– A 1960-61 Boston Bruins Press Radio TV Guide was $115.
– Saw a dealer selling, as he put it, “the best 1954-55 Topps Hockey set in the world.”
– Veteran dealer Kip Ingle was selling a letter signed by Knute Rockne for $2,200.
– Beanie Babies were $1 . . . my have times – and collectibles – changed. There was a time not too long ago when these were the items to collect.
– Was nice seeing tennis icons Jimmy Connors and Ivan Lendl in the Tristar Autograph Pavilion, making their National debut as autograph signers. Meanwhile, there was a 16-by-20 drawing of Billie Jean King, signed, for only $15 – and the dealer promoted that there was only one left.
– After walking the show floor daily, for all five days, I saw, met and spoke with some of the best dealers in this industry. Some have been in the hobby for years, for decades, seemingly forever. One of the best was Al Zouky of Zebra Sports in Advance, N.C. I had never met Al, but when I asked him about an Elvis Presley-signed item that he was selling, he told in about three or four minutes the entire backstory on the autograph, when he was signed, where, etc. Kudos to Al for doing what any smart businessman would: engage the customer.
Not so, though, to the dealer selling game tickets from select noteworthy games/events, such as so-and-so’s major league debut. This dealer (and I won’t name names) also sold those pocket schedules that teams produce. He didn’t say “Hello, how can I help you?” or anything like that. Instead, he greeted me with, “I don’t want you writing about my stuff and don’t take any pictures, if you have a camera.” So much for good customer service. Yes, I might be a writer covering the event, but I also had money in my pocket and also was a customer. Obviously, I didn’t buy anything from him.
– Packs of Topps UFC Champions cards were $5.
– Saw where a dealer promoted that, in addition to credit cards, he accepted payments via PayPal – good idea!
– There were new mascot bobbleheads from select schools, such as University of Miami, Texas Tech and Wisconsin, among others . . . priced at $35 each.
– There was a framed hockey photo, which the dealer speculated was from the 1920s, for $150.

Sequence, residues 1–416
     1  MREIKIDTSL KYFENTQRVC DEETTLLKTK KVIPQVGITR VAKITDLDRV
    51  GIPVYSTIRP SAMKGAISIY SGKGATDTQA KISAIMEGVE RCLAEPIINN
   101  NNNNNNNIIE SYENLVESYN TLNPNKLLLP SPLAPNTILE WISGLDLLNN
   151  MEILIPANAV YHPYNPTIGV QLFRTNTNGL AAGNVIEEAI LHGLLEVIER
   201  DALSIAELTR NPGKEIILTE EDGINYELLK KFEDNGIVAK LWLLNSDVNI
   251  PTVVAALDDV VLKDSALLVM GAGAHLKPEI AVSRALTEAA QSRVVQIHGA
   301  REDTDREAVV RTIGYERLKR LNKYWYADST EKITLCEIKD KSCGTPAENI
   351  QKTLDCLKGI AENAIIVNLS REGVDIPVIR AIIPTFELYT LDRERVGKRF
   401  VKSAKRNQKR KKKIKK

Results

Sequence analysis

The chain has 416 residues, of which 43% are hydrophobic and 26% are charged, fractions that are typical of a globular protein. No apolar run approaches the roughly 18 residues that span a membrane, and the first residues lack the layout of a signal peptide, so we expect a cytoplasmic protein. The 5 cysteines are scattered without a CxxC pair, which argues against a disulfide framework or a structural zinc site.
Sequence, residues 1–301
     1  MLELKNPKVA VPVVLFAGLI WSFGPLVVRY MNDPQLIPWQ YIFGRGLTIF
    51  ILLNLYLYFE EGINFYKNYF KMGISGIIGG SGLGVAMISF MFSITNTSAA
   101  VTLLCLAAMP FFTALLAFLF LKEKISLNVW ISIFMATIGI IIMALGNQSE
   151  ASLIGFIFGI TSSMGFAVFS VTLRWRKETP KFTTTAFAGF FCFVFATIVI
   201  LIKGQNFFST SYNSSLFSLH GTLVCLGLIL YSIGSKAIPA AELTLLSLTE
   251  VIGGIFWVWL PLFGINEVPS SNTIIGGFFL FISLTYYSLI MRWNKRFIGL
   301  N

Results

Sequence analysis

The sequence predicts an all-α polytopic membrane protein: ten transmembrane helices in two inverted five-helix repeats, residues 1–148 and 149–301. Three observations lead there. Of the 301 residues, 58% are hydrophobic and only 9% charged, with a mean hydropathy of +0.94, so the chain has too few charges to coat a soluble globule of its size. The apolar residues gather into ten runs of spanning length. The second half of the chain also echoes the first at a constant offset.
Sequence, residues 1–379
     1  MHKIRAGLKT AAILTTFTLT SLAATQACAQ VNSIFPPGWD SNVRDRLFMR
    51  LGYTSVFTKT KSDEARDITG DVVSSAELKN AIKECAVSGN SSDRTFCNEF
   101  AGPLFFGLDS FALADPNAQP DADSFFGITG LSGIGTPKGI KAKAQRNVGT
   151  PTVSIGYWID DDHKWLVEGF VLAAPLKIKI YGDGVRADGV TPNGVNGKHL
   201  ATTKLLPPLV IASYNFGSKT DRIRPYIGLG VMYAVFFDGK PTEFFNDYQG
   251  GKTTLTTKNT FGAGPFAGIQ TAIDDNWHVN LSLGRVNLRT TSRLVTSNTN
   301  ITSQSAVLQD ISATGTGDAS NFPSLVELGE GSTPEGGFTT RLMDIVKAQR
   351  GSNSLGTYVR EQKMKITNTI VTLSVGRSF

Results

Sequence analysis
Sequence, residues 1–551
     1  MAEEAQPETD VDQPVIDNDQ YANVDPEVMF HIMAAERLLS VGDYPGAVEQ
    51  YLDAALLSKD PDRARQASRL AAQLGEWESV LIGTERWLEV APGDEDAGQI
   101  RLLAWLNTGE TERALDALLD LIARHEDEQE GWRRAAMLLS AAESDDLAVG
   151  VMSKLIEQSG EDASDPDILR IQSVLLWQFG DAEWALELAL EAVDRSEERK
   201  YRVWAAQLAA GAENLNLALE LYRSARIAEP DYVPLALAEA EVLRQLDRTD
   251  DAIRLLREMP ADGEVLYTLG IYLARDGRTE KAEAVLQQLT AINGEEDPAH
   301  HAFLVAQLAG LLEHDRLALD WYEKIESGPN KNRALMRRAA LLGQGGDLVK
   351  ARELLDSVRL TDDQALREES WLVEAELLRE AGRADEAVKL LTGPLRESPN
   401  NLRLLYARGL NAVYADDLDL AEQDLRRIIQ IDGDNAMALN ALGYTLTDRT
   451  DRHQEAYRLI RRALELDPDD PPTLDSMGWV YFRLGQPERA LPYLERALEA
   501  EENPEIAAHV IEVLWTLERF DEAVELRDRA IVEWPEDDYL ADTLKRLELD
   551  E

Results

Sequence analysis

– Marty Davis of Marty’s Sports Card Exchange was selling cards at his 15th National, and the 2015 show was his second-best of all.
“There were hardly any disappointments,” of the unopened boxes that he offered, he said. “The redemption programs really helped things sell. Yes, I was very happy with this show.”
Davis said the top five sellers at the 2015 National were:
1. 2015 Topps Allen & Ginter Baseball ($89 per box, or two for $174).
2. 2015 Panini Prestige Football ($96).
3. 2015 Panini Cooperstown Baseball ($150).
4. 2015 Panini Clear Vision Football ($66).
5. 2014-15 Upper Deck SP Authentic Hockey ($105).
– Carli Lloyd-signed 16-by-20 photos were $119.
– Packs of the Ted Williams Card Company Premier Edition ’93 were $3 each.
– There was a signed 16-by-20 photo of the undefeated 1972 Miami Dolphins for $395 – marked down from $525.
– Mark Dehem offers a table-full of oddities for only 25 cents on the final day of The National, a tradition he’s run with for years. He had a teenager give him 24 cents for an item because he didn’t want to break a dollar.
– There was a Walter Payton game-worn jersey from 1984-86 for $3,400.
– A Bobby Cox-signed authentic replica jersey was $150.
– Brett Favre 1997 worn practice jersey from 1997 for $795.
– The Bing Crosby-signed baseball was $1,395.
With all the hoopla for box breaks, I gotta salute Panini America’s Free Kids Case Break, where kids aged 13 and under each received a Panini America bag, T-shirt and a lanyard which indicated their team in the break, run by Bryan Gavin of Ultimate Box Breaks. Panini donated the box, and obviously the cards, which landed in the hands of young collectors. There was, for instance, a Russell Wilson card numbered to 10, various Teddy Bridgewater rookie cards, Dwyane Wade autographed cards and more. There was a 15-box break of 2014-15 Totally Certified Basketball, as well as 2014 Absolute Football, 2014-15 Paramount Basketball and 2015 Clear Vision Football.
“The Free Kids Case Break was really cool to watch. Sure, the kids were excited with the cards they got, but watching their parents was just as exciting, too,” said Panini’s Scott Prusha. “The break was engaging, helped promote collecting between kids and their parents.”
Those youngsters who didn’t score anything in the break didn’t go home empty-handed; Panini gave them goodies, too, such as packs of cards, extra hit-cards, signed mini helmets and/or autographed photos.
The National returns to Atlantic City in 2016 . . . here’s hoping it’s half as good as Chicago was in 2015. Hope to see you there.
Ross Forman is a freelance contributor to SCD. He can be reached at Rossco814@aol.com.